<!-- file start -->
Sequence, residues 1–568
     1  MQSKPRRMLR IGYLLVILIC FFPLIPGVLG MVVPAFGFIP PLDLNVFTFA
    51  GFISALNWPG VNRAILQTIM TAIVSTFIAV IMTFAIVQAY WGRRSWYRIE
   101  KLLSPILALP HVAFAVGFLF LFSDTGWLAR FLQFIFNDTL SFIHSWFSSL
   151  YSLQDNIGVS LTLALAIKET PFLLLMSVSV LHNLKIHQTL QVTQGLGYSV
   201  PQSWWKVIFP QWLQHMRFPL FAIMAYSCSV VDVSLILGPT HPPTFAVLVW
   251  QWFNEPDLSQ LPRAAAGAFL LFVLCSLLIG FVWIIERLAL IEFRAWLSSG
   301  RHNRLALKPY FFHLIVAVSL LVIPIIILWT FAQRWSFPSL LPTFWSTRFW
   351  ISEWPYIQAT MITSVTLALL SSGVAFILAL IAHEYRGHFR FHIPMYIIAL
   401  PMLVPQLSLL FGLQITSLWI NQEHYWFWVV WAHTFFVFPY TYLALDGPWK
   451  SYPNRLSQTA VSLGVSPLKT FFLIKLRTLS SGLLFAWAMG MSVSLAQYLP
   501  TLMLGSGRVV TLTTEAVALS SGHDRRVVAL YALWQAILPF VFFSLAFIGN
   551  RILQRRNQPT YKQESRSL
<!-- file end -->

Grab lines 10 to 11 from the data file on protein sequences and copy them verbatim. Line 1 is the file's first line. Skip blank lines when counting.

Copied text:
   401  PMLVPQLSLL FGLQITSLWI NQEHYWFWVV WAHTFFVFPY TYLALDGPWK
   451  SYPNRLSQTA VSLGVSPLKT FFLIKLRTLS SGLLFAWAMG MSVSLAQYLP